The book is partly about one young woman growing up and learning the limits of her intellectual and social powers. Emma is not intended to be delightful, but she is a realistic portrayal of a type of person anyone might encounter.

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I think it's more of a case of my not liking Emma's personality. She toned her bitchiness down a bit but not enough. At the end of the film, she was still haughty snot.

I'm not judging the books. The films usually never jive with the books anyway.

Never monkey with another monkey's monkey.

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Well, she's supposed to be foolish, and arrogant in the way that youth can be sometimes: she thinks she knows what's best for everyone, and is too busy sticking her nose in where it doesn't belong to notice what's happening in her own life.

That said, I was shocked when she insulted Miss Bates - the poor thing looked so hurt, it made me want to cry! What a bitch Emma was!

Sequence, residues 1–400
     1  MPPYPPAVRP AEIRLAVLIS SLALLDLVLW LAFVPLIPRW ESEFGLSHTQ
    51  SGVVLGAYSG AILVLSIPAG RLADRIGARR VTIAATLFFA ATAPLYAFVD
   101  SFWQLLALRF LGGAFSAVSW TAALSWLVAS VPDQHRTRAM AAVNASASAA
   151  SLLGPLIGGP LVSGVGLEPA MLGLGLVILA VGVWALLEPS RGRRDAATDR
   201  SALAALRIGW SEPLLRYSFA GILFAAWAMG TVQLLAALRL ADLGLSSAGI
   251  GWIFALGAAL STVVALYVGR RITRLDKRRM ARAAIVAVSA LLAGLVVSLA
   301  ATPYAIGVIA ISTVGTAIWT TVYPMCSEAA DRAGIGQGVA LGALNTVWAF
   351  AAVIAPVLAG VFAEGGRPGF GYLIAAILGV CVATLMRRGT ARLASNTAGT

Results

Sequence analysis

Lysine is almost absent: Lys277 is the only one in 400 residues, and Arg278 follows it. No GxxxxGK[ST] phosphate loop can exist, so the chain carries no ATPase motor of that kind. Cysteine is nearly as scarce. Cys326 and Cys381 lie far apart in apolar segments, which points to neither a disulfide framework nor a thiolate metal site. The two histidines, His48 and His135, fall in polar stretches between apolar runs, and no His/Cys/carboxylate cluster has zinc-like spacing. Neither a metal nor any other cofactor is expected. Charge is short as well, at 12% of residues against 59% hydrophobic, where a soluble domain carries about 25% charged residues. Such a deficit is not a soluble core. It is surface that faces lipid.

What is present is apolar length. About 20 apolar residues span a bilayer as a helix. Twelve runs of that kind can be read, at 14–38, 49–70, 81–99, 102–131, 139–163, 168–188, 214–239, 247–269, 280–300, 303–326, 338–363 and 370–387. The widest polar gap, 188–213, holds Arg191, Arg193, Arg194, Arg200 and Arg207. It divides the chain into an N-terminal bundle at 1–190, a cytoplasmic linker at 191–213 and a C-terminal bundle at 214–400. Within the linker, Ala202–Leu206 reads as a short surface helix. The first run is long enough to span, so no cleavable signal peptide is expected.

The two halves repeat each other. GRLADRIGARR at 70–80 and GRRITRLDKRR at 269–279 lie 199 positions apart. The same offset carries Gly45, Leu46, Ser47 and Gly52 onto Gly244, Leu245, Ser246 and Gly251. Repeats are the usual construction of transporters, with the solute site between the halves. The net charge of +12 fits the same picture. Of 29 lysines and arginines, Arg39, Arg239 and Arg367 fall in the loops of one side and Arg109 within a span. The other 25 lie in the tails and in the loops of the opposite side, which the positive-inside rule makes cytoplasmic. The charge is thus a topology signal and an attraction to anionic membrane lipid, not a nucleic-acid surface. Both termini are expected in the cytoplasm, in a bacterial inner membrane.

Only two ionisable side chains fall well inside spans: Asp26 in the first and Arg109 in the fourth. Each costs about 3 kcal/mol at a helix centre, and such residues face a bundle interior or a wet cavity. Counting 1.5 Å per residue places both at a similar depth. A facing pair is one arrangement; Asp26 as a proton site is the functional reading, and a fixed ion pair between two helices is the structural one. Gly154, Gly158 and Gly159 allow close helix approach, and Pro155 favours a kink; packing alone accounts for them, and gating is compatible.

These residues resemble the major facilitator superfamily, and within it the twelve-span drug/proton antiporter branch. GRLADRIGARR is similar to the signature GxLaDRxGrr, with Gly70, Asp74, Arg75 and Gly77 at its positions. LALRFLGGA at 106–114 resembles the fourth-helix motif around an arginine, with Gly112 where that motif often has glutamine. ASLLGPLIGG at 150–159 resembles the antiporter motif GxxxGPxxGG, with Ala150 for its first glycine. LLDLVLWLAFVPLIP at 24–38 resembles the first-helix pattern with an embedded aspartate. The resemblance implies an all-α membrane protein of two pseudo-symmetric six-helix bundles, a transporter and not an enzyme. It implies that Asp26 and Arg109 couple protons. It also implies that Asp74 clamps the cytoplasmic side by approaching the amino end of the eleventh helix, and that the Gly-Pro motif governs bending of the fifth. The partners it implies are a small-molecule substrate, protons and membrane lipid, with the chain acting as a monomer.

"You shouldn't have hit me with that!... You'll ruin the cake!" - Greybags

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I didn't like her either, I thought this movie was romantic and sweet, but turns out I did not like any of the characters (the way they were interpreted) and they lack of chemestry.

Totally disagree with the grade imdb gives to this movie

and yeah, she's exactly as you describe her to be.

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She is the only Austin character that I really didn't care for that much, especially at the beginning when she did that horrible thing to her friend, played by Samantha Morton. That was just plain cruel.

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Jane Austen said that Emma was a "A heroine whom no-one but myself will much like."

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Flawed characters are more interesting than polly perfects. If this story was centered on Jane Fairfax then it would be just another version of Mansfield Park.